Depression after childbirth can happen to anyone. You didn’t cause this.
For some people, it may be natural to feel exhausted or drained after welcoming a new baby. If this is your first child, you’ve entered a completely new world.
But if your mood starts to change and your low motivation lingers for two or more weeks, you may find it difficult to care for yourself and your baby. It could also mean you’ve developed postpartum depression.
Experts believe several factors play a part in causing the condition. There’s one thing to remember in every case, though: Postpartum depression doesn’t happen because of something you did or did not do.
It’s a mental health condition, and symptoms can improve with support from a mental health professional.
Postpartum (perinatal) depression refers to depression symptoms that appear during pregnancy or shortly after giving birth.
This condition is very common. Between 10% and 20% of people who have a child will experience postpartum depression.
Common symptoms include:
- feelings of sadness or hopelessness
- frequent shifts in mood
- frequent crying
- feelings of worthlessness or guilt
- feeling disconnected from your baby, your partner, or both
- fear of hurting yourself or your baby
- wanting to avoid other people
- loss of energy
- trouble sleeping
- trouble concentrating or remembering things
At first, you might believe you’re just overwhelmed by parenthood. You could also worry that you’re struggling to cope because you’re not a good parent and wonder how other people will react if you tell them how you feel.
When you find yourself fixating on negative thoughts or struggling to bond with your baby, it’s important to reach out for help.
These symptoms don’t make you a bad parent in the slightest. Depression isn’t your fault, and you deserve help and support.
Many different factors can
- personal or family history of depression, anxiety, or bipolar disorder
- stress during pregnancy or after giving birth
- previous pregnancies
- pregnancy loss or stillbirth
- lack of social or family support
- history of trauma or adverse life events
- complications during pregnancy or childbirth, including illness, preterm labor, or having a baby with health concerns or other special needs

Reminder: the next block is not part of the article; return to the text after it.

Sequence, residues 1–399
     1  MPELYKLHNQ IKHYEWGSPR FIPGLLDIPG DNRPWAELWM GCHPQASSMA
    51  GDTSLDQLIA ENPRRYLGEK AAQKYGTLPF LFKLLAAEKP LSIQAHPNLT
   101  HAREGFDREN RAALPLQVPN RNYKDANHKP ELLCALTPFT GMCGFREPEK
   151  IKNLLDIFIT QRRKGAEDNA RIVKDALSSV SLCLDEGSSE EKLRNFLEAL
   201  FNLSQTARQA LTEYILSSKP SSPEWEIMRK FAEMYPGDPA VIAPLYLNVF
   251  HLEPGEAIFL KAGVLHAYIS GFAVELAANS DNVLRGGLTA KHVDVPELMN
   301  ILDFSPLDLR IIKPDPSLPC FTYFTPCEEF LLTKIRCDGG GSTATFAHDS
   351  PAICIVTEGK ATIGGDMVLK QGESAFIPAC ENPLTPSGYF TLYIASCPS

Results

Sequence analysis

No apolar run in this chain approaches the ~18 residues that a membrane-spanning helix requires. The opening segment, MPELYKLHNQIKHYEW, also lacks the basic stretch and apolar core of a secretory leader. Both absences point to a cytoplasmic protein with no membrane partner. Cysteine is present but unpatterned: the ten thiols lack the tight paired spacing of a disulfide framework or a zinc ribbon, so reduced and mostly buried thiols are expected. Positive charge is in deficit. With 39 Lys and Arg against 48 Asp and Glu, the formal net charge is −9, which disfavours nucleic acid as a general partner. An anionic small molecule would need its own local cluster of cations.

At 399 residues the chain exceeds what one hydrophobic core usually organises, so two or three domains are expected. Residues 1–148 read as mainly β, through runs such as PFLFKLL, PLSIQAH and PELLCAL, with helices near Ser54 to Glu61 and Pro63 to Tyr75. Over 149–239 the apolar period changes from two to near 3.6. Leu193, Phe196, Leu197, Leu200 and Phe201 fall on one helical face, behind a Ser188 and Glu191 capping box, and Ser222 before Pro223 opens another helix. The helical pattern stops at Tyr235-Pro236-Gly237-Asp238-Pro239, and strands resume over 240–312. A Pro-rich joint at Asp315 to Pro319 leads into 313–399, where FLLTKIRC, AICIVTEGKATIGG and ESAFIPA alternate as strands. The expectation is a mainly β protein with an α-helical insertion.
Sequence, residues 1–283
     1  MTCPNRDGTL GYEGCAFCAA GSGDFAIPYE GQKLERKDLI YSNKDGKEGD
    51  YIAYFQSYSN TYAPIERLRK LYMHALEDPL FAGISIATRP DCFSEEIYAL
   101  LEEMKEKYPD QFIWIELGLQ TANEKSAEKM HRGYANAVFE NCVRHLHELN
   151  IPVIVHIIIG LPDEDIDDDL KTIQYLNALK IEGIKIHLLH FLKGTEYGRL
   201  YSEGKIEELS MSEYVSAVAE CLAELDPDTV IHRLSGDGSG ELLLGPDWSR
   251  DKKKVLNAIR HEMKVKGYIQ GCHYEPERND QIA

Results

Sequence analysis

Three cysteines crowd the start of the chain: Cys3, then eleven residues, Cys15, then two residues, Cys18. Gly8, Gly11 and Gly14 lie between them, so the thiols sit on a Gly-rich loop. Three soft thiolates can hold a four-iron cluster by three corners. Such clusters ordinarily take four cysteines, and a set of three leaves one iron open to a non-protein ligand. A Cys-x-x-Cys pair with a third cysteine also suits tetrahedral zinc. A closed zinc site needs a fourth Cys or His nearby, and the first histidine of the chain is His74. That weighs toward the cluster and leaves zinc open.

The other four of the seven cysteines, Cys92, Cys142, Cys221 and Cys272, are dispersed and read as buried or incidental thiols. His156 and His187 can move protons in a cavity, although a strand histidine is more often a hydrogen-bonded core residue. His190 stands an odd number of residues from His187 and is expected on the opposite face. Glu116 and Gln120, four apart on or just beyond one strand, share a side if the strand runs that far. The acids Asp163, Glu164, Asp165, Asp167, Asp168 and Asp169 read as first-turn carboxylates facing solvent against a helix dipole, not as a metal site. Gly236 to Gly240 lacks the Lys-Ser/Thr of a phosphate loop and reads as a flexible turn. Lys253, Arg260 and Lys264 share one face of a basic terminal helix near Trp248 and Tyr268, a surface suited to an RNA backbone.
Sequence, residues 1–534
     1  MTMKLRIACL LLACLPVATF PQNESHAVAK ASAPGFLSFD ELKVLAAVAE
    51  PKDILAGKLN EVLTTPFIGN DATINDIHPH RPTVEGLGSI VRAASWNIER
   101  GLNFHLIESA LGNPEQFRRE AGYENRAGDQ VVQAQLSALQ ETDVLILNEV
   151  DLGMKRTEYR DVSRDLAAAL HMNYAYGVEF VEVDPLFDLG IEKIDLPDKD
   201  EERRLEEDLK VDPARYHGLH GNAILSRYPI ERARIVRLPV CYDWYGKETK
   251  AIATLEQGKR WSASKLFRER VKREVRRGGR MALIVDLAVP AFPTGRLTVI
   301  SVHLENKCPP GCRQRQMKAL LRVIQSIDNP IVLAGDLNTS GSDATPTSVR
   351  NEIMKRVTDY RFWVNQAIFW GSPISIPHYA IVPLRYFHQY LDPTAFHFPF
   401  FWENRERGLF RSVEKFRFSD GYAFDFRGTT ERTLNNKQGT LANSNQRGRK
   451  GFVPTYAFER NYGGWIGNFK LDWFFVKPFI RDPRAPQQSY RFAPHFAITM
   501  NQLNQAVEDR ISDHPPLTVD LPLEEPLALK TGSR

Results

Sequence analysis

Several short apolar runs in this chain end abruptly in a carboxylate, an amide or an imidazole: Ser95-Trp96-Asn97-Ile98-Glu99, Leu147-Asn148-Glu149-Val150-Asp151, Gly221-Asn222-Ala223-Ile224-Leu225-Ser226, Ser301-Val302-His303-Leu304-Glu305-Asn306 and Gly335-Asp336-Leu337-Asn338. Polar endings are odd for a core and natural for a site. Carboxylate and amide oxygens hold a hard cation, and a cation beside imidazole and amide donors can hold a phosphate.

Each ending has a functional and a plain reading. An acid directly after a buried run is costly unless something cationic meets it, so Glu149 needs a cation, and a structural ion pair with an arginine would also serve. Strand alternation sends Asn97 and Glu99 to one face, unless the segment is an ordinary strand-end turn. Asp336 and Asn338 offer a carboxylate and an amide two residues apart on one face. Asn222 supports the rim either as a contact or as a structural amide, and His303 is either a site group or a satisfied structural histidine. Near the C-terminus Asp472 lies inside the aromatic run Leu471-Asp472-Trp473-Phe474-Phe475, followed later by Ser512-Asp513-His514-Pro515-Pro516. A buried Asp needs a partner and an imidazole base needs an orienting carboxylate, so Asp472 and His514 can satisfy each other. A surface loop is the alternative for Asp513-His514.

- giving birth
between the ages of 13 and 19 years
- alcohol or substance use
Here are a few more specific factors that could contribute to postpartum depression:
Lack of sleep
You might find it difficult to “sleep when the baby sleeps,” as well-meaning loved ones often urge. Maybe you worry about the baby needing you or want to get things done around the house.
And what if your baby never seems to sleep?
Pregnancy and childbirth take a toll on your body, and sleep is a key part of recovery. Having a hard time getting the sleep you need can contribute to health consequences, including depression.
Lack of time to relax, recover, and heal
After you give birth, your body needs to recover. Beyond sleep, you also need time to relax, unwind, and take care of your physical health.
You might have a hard time relaxing, especially when you want to “do everything right” as a parent.
Yet trying to care for your baby while also doing chores, working, and taking care of other children might leave you with no time for other key aspects of well-being, such as:
- seeing loved ones
- doing things you enjoy
Lack of social support
Feelings of loneliness and emptiness can contribute to depression, so a strong support network can make a big difference when you have a new baby.
If available, your partner can provide support on a daily basis. Friends and family members can also help out by:
- bringing meals
- providing company
- looking after your baby while you rest
Simply spending time with loved ones can remind you that you’re not alone, which can help protect you against postpartum depression symptoms.
Changes in your body
You might have trouble adjusting to pregnancy’s physical changes or feel some pain and discomfort as you heal. Social pressure to “get your body back” can also affect your mood.
It’s not uncommon to feel guilty for worrying about these things when you and your baby are both physically healthy.
Yes, your health is important, but you also deserve to feel good about yourself. Exhaustion, an aching body, and difficulty finding time for self-care can all affect your sense of self-worth and leave you feeling low.